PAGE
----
Ginger Folorunsho Johnson shares a stage with the Rolling Stones in a British variety television event. Rivalled only by the Beatles in 1969, the Rolling Stones were musical royalty, able to demand the best time slots and sell millions of records, Folorunsho was best known for his attempts to document the underground Afro-rock scene dominated by African immigrants in London.
Johnson would leave for Lagos later that year and spend half a decade trying to decode the Lagos music scene, working on a film and releasing significant music in that time.
The Fractions are finally disbanded and forcefully conscripted into active service in the Biafran war. At the tail end of the war and severely lacking active duty soldiers, the Biafran government began to arrest and conscript individuals they had formerly designated as high value into its infantry.
Tony Amadi, former Fractions bandmate would escape and with the help of Roy Chicago, find his way back to Lagos just before the end of the war.
The Funkees play their last first official gig in the town of Nkwerre, even as the Nigerian Army closes around the town. The concert which lasts all night amidst sounds of shelling and deaths is a final act of defiance against the brutish power of the Nigerian Army and a final celebration of the ideals of the Biafra sovereign state.
One of the few Afro-funk bands that were formed in Eastern Nigeria during the war, the Funkees never had a classic line up of artists, with education, war and personal interest ensuring instrumentalists and vocalists were always joining and leaving the group. A few days after the war officially ends and the band mates of the Hykkers are taken into custody before being released to return to Lagos.
Ofo and the Black Company debut at the Afrika Shrine. This was the first Nigerian band to shirk the uniformity of traditional music bands at the time, basing the performances on the mysticism of the ‘Ofo’ cult from Eastern Nigeria, rather than choreography and performative cuteness as was customary at the time. Fela Anikulapo-Kuti was also experiencing a spiritual awakening at the time and had opened the Shrine to performers from across the country to come experiment.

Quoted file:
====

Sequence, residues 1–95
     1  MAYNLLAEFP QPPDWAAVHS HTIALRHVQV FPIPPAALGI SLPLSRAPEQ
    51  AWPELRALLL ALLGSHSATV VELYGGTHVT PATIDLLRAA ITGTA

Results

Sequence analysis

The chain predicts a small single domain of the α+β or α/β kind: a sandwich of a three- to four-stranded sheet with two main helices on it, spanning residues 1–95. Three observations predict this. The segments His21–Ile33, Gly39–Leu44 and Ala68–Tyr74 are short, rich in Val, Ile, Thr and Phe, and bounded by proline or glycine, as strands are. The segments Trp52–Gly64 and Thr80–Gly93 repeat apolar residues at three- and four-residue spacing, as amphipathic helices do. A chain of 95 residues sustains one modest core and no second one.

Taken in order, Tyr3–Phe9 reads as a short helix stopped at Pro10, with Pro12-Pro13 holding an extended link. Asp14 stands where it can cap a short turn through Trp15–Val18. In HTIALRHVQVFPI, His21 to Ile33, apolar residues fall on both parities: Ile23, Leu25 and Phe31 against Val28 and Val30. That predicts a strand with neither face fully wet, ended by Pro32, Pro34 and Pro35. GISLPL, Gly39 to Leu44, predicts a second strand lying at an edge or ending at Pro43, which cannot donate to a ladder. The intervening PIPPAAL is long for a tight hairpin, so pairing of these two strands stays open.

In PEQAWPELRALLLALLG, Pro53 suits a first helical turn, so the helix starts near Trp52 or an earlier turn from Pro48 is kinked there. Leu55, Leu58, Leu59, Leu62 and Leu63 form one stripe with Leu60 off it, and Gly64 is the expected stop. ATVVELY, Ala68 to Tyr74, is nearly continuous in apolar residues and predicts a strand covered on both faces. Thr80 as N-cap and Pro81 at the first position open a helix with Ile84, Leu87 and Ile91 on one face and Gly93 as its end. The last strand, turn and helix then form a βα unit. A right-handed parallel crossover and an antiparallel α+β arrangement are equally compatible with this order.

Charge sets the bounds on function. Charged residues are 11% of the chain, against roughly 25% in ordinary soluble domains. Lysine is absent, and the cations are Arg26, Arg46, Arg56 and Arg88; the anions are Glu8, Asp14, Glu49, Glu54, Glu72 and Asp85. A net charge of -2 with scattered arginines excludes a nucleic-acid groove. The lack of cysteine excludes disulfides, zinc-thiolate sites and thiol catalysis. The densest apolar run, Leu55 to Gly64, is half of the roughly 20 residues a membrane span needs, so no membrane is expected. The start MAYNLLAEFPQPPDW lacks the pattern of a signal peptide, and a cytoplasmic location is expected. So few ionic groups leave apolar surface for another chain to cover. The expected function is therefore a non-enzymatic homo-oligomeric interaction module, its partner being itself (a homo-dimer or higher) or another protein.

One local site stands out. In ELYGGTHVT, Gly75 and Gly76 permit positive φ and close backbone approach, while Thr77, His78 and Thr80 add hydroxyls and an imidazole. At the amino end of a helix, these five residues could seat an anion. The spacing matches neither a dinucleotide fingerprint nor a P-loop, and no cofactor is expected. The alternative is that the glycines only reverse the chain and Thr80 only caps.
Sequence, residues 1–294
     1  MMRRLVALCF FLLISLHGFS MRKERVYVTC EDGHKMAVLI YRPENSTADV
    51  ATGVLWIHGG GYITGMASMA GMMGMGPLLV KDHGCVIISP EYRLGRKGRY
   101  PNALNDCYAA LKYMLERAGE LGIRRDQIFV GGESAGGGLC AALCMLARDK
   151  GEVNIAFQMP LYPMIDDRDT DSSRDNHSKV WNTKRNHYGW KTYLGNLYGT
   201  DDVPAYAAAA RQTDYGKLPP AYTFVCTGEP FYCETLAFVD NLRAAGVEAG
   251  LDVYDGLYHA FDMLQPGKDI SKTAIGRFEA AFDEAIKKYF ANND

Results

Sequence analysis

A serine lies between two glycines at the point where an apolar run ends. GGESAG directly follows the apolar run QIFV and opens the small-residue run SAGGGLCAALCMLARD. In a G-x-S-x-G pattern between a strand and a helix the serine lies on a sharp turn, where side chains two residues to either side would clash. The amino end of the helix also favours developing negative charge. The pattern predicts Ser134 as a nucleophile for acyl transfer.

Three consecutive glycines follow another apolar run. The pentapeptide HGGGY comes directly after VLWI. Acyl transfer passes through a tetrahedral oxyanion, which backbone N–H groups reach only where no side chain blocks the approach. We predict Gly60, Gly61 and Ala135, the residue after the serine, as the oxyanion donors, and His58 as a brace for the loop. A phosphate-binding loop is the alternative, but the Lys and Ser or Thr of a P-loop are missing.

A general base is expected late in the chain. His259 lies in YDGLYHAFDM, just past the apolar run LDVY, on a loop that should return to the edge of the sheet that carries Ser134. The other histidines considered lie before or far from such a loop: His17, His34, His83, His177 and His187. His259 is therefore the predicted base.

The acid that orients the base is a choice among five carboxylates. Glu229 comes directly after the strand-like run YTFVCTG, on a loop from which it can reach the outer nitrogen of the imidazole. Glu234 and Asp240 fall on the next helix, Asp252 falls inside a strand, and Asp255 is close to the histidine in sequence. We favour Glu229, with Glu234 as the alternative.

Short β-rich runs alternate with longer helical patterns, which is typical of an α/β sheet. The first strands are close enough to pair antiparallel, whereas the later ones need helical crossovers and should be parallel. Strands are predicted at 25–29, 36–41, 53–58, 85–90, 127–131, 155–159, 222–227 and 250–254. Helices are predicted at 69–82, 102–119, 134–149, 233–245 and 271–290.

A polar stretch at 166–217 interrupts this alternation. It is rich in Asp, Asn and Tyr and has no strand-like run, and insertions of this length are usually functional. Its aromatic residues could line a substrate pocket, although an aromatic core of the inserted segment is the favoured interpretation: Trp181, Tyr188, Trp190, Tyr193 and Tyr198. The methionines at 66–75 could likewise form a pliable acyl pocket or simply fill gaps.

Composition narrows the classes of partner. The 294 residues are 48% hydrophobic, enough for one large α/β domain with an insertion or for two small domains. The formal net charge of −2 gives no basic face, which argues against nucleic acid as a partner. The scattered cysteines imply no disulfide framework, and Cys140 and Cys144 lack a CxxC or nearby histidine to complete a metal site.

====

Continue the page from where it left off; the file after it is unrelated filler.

Their music would form the basis for Nigerian performance artists like Twin Seven Seven, Quddus Onikeku and Bantu to incorporate contemporary performances into their sound.
American drummer and guitarist, Ginger Baker, formerly of the group Cream would undergo a cross-continental trek to reach Nigeria. His fascination with Nigeria would lead to an informal residency characterised by performance rehearsals and session with the emerging Afro-rock musicians of the era like Jake Sollo, Ify Jerry.
Baker’s jam sessions helped introduce and connect many of the afro-rock artists would go on to create bands together or start bitter rivalries.
The Fractions disintegrate, from pressure from the Nigerian Army, ending the biggest feud of the Afro-funk era. Ify Jerry and Jake Sollo leave the Fractions to join the Hykkers who had risen victorious from the years of the war and were keen to return to Lagos and restart their careers.
Fela Anikulapo-Kuti then with his newly renamed Afrika 70 band would provide instruments and leverage for the group to make their comeback, complete with new performance material.
Ofege releases Try and Love, their debut album. Heavily influenced by American blues and R&B and Fela Anikulapo-Kuti, the young group’s music becomes one of the first albums to gain mainstream acceptance primarily through radio airplay. Defined by its insistence on centring the issues of young Nigerians and distinguished by the relative youth of its bandmates, Ofege would start a revolution of young Nigerians either starting or joining bands to try their hands at earning fame and fortune via music.
Blo, the Nigerian Afro-rock band formed by former band members of the group Salt, Laolu Akins and Mike Odumosu release their debut collaborative project ‘Chapter One’. Riding on the success of the album’s debut singles and the new interest in Nigeria by Western niche musical audiences, the album Chapter One would become an international success and separate Afro-rock from Afrofunk.
It would also give the band the leverage they needed to tour and perform in Warri, Lagos and Enugu.
After being rough-handled by Nigerian soldiers during the war and forced to stay in Easter Nigeria as a symbol of the relative peace and unity the end of the War was supposed to bring, the Funkees leave Nigeria for England. But not before they convince, Jake Sollo, formerly of the Fractions and then the Hykkers to come play lead for their band.
A four-month travel gig would eventually extend into a four-year sojourn in England recording music and immersing themselves in the British Funk scene.
After three years of false starts, the Nigerian government finally hosts the Festac 77 global arts event. More than 15000 artists and creators from 55 countries attend the event and while the general atmosphere is progressive, a feud between the Nigerian government and Fela Anikulapo-Kuti leads to a ‘Counter Festac’ at the New Afrika Shrine, where dignitaries and performers sneak off to perform or hang out at the Shrine.
The Funkees return from their four-year sojourn in the UK to perform at Festac ‘77, and they also perform at the ‘Counter Festac’ signalling their shortlived return to music in the country.
Williams Onyeabor releases Crashes In Love, his debut album rumoured to be the soundtrack for an independent film he made of the same name. Crashes in love would introduce Onyeabor’s futuristic sound to the global house music scene, decades before the scene would gain mass appeal and crown Onyeabor as a cult-figure within the progressive dance and house music scenes.
Onyeabor would disappear from the scene after a few years and a handful of projects, signalling the official end of the Afro-funk movement.